Is this funky AM Van the greatest AMC that never was?

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RM Sotheby's

This lil’ red box may look like an overgrown Hot Wheels, but it’s actually a real-deal, crowd-pleasing concept car built by American Motors (AMC), with styling not by Mattel but by legendary designer Dick Teague. Back in the late 1970s, it showed off AMC’s design chops on tour and hinted at the future of the company. That future that sadly never came, but today, in 2022, the wacky and huge-windowed two-door van is for sale through the RM Sotheby’s “Sand Lots” sale. The online auction runs from May 25 – June 1.

AMC built the “AM Van” specifically for a traveling tour in 1977 dubbed “Concept 80”, a PR gimmick put on by America’s fourth-largest automaker. Concept 80 visited seven different cities and featured seven different concept cars. “Concept I” and “Concept II” offered obvious hints of the Gremlin and Pacer. A two-door hatchback called the “Grand Touring” was the sporty one of the bunch, and there was even an itty-bitty wedge-shaped electric hatch with pop-up headlights called the “Concept Electron.”

1977 AMC AM Van Concept rear three-quarter
RM Sotheby's

The big hit, however, was the AM Van. When AMC polled show-goers to find out which concept car was their favorite, the van got nearly a third of the overall vote.

Futuristic yet familiar, the AM Van has the face and curves of a Pacer, albeit stretched out a bit into the shape of a compact cargo-carrier. On top of that is more glass than the Shedd Aquarium.

Teague’s design team must have forgotten all notions of the word “subtlety” when shaping this little red hauler. The hilariously large sporty wheels wrapped in All-Terrain T/As, the fat fender flares, the shiny side pipes and the bright “Turbo” and “4×4” decals don’t hint at performance. More of a blood-curdling shout.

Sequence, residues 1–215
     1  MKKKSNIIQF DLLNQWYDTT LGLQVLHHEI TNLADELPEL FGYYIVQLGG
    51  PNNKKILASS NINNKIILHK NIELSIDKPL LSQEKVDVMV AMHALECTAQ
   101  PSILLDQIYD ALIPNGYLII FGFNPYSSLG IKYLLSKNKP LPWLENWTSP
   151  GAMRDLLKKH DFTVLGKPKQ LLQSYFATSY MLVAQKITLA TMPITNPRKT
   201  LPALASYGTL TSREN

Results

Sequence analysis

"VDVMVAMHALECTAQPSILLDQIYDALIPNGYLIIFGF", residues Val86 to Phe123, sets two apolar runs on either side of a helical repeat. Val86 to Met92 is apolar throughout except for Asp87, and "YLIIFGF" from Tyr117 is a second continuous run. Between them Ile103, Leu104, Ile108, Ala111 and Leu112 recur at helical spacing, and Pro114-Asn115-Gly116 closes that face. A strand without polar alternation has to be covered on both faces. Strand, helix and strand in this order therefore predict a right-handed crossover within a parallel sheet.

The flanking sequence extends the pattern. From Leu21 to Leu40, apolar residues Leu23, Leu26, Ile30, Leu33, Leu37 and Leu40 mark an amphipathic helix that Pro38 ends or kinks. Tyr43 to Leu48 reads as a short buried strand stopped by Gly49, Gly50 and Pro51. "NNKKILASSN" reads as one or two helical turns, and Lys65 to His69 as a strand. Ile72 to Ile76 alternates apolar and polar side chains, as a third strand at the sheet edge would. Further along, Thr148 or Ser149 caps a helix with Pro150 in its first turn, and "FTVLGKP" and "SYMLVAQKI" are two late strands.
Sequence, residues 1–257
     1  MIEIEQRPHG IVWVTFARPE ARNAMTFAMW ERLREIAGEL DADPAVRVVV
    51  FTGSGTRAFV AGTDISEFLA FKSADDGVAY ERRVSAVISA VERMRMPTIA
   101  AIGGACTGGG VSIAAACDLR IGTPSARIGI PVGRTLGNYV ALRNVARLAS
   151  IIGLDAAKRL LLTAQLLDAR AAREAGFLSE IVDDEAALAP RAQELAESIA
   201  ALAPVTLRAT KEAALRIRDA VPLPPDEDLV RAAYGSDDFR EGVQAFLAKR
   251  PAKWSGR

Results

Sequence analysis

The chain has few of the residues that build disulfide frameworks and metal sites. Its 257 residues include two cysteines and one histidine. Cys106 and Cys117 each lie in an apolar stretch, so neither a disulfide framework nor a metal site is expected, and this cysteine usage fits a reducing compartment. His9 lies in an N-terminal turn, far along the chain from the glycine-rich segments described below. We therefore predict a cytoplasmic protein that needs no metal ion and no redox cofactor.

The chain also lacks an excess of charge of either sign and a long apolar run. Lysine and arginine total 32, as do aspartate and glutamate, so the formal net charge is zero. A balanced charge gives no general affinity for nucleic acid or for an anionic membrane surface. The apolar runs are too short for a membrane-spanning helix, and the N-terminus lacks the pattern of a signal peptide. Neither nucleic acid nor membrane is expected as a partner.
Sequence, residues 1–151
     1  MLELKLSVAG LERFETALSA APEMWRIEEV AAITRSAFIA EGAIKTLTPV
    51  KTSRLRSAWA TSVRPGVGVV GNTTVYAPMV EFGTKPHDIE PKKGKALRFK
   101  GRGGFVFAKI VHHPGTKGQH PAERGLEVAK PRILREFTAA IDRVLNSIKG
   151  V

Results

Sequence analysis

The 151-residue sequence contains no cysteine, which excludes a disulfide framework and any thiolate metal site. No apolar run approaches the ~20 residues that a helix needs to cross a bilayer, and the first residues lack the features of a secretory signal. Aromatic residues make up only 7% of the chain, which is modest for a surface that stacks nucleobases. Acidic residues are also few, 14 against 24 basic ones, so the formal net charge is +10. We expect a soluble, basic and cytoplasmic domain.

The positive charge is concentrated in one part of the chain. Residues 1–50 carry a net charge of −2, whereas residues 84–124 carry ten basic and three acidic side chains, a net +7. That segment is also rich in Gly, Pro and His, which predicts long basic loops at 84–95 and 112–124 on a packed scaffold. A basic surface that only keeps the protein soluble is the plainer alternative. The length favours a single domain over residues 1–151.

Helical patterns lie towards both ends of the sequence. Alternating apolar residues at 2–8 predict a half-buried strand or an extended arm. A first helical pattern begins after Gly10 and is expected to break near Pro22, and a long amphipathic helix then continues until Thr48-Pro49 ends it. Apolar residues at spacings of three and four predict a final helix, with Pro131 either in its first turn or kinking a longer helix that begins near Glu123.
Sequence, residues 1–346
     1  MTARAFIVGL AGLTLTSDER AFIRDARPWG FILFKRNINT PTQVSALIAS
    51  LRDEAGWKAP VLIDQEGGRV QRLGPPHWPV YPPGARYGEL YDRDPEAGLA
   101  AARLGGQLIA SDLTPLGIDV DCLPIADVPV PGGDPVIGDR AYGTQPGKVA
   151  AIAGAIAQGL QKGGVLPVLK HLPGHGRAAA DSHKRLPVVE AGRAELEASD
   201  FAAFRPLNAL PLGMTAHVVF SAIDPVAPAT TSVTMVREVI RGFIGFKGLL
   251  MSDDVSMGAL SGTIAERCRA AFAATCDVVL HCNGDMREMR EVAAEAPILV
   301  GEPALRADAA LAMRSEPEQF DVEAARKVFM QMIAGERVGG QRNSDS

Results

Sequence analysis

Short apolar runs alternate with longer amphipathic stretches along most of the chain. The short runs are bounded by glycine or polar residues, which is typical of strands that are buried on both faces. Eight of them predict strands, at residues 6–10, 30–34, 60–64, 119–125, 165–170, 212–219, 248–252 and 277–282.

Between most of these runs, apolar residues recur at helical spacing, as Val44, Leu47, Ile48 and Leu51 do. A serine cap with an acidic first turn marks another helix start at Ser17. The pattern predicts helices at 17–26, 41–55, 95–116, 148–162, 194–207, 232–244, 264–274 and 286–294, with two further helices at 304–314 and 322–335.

Designed with forced induction and four-wheel drive in mind, the AM Van would have been cutting-edge stuff in the late ’70s, and a four-wheel-drive AMC wouldn’t come until the Eagle 4×4 crossover of 1980. Seating is three abreast with cargo space in the rear but, alas, those orange decals write a check that this concept can’t cash. Underneath those fiberglass haunches sits merely a wooden frame with partial interior and no drivetrain. The concept does roll freely on those BFG tires, so it really is more like an overgrown toy car after all.

American Motors was never swimming in development dollars. It certainly wasn’t in 1977. Unfortunately, the “Concept 80” cars remained just that—concepts. Instead, a cash-strapped AMC went into the ’80s with revamped versions of the Gremlin and Hornet called the Spirit and Concord, respectively.

1977 AMC AM Van Concept front
RM Sotheby's

Would the AM Van have saved AMC (which merged into Chrysler in 1990) if the company had decided to add it to the lineup? Probably not, but it’s always fun to think about the what-ifs.

As for the one and only concept example, it has been in a well-known concept car collection for the past 35 years and remains in all-original condition, just as it left the AMC design studio in 1977. While there is no presale estimate for it at this auction, the AM Van was offered for sale on eBay back in 2017 with a $72,000 Buy It Now price, but it presumably attracted no takers.

Maybe that’s too much money for garage art, but then again, this oddball is more than just a giant Hot Wheels. It’s a piece of AMC history.

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